of scaled agile methods, where each
method contains many of the same
practices tangled up with a few new,
unique, and innovative practices in
such a way that the safe separation of
the new practices for use with another
method is nearly impossible.
In contrast, Figure 6 outlines a
starter pack of agile practices based on
Essence, called Agile Essentials.
2 It includes practices from Scrum, Kanban,
and XP (extreme programming).
This is a small library of seven practices, which, when composed together,
form a starting point for a team’s agile
method. Scrum, user stories, and use
cases have also been “essentialized”
and can be used alongside the Agile Essential practices.
Thus, with Essence, a library of generic, reusable practices can be created, from which a team can select
the ones they want to use and they can
compose together to kick-start their
The Ignite Internet of Things methodology. Ignite is a methodology developed for the Internet of Things.
8 It supports a number of different approaches
and attempts to bridge the gaps between “machine guys” and “Internet
guys,” and between “five-year thinking” and “continuous beta.” Ignite can
easily be described as a set of practices
on top of the Essence kernel. Figure 7
demonstrates what Ignite looks like
when presented using Essence.
This picture readily illustrates a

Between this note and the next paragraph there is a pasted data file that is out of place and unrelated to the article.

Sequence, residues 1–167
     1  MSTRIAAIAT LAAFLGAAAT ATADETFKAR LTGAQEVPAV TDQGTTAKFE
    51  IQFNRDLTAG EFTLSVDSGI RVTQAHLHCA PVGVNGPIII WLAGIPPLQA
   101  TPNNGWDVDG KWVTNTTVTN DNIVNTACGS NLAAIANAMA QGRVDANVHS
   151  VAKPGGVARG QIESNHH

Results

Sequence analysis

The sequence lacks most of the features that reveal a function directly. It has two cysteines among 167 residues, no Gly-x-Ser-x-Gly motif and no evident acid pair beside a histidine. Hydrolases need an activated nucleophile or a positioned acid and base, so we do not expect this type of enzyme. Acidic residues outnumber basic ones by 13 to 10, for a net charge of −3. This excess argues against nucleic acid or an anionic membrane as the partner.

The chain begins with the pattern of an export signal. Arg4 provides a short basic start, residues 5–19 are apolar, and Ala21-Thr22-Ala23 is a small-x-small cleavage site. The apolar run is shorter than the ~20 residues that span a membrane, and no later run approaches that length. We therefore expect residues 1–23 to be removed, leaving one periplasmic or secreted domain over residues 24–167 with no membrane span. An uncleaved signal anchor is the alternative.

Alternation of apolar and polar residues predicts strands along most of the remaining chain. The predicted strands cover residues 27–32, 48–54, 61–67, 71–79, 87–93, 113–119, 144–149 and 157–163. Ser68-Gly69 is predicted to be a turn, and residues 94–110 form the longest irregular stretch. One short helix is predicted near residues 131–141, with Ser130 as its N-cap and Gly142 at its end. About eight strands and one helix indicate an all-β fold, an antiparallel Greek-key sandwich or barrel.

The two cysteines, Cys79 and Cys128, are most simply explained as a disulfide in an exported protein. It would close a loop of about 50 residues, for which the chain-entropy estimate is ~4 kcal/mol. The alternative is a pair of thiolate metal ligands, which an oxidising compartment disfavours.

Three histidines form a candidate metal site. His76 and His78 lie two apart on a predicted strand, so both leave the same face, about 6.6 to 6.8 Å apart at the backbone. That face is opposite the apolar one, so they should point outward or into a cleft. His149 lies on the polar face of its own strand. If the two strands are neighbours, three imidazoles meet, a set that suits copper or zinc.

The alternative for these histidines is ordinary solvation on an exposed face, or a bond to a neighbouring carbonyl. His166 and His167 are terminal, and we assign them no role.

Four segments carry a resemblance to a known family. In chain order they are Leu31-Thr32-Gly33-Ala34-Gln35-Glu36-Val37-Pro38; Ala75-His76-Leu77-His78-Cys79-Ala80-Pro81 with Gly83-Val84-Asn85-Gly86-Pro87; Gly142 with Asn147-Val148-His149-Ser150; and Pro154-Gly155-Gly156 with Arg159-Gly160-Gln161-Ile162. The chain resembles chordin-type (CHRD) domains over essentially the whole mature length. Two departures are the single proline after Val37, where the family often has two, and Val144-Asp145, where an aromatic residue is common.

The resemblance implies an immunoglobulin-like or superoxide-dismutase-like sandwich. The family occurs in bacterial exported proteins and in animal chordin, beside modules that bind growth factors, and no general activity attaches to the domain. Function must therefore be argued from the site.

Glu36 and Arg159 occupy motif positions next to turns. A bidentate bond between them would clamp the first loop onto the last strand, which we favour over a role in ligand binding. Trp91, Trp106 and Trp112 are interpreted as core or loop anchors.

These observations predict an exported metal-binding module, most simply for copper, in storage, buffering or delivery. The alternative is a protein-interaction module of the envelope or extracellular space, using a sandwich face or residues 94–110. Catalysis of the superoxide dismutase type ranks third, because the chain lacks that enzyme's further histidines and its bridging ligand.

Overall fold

number of key points:
˲ Ignite clearly contains and reuses
a number of generic practices that
are applicable in many more domains
than the Internet of Things, including
those already available as part of the
Agile Essentials practice library.
˲Successful development for the
Internet of Things requires many domain-specific engineering practices.
˲ Whenever anyone wants to create a new method, they currently have
to rewrite, re-present, and, in many
cases, rebrand already established generic practices.
˲ The more comprehensive the ap-
proach, the less likely it is that anyone
will use all of it. For example, no one is
ever going to use all of these practices
at the same time. Clearly, there are
many methods that could be built from
the practices contained within the Ig-
will be able to plug and play with sets
of practices to build their own meth-
ods and take ownership of their way of
working. But where are the practices
going to come from?
Let’s take a look at two concrete examples.
Agile methods. The industry has
seen an explosion in the number of ge-
neric agile practices being published
and promoted. Unfortunately, most of
these “belong” to one method or an-
other and, even though they share the
same values, are rarely presented in a
way that lets them play well together.
This is particularly true in the area
Figure 6. Agile essentials with its seven practices.
Figure 7. Ignite expressed as a set of Essence practices.
Io T solution